My rooster got very bad frost bite last night. I am in new york and temperatures were around 8 degrees. I am working on fixing the coop to make it more winter appropriate but my question is how should I treat the frost bite. I brought him inside and am slowly warming the area with a luke warm damp towel.
While making sure the coop is draft free is a good idea, blocking up all ventilation is a really bad idea. With those kinds of temperatures, it's not so much cold that is the problem, but moisture. Moisture in the air will condense on the comb and freeze, causing frostbite. Keeping the coop as dry as possible and well ventilated will help more than closing things up.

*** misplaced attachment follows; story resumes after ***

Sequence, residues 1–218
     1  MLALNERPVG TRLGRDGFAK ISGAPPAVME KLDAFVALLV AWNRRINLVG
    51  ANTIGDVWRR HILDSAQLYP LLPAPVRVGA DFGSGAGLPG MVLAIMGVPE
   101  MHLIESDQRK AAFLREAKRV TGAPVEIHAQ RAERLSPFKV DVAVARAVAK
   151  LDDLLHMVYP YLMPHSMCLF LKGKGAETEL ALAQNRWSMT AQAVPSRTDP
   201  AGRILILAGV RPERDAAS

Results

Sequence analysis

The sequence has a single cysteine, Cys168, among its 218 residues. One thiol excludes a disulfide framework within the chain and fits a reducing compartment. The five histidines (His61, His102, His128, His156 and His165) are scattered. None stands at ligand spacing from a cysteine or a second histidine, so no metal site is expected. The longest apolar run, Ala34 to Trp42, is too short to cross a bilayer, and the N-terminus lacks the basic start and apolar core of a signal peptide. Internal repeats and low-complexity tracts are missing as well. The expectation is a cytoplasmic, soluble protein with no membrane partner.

Don't touch the comb if not necessary since it is very painful. I usually don't put anything on them, but iodine or plain neosporin just dabbed on gently would help to prevent infection. It will take several days to see how much damage is done. Sometimes it turns out not so bad, but any parts that remain black will become rounded off. Large combed roosters are very prone to this, and if you can make everything as dry as possible with good ventilation high up in the coop to help remove excessive moisture in the air, that is about all that you can do. If my temps get below 15 F I will put a heat lamp in my large coop, but those can be very dangerous. If you have a basement you can bring them inside when temps are very low, but ours only get down to single digits a couple of times this time of year.
Can you post a picture of your rooster's comb for those that haven't seen frost bite in a comb?
Here are 2 "oldie but goody" threads that have so many good tips on coop ventilation and winter weather:
Edited by Eggcessive - 1/5/16 at 12:01pm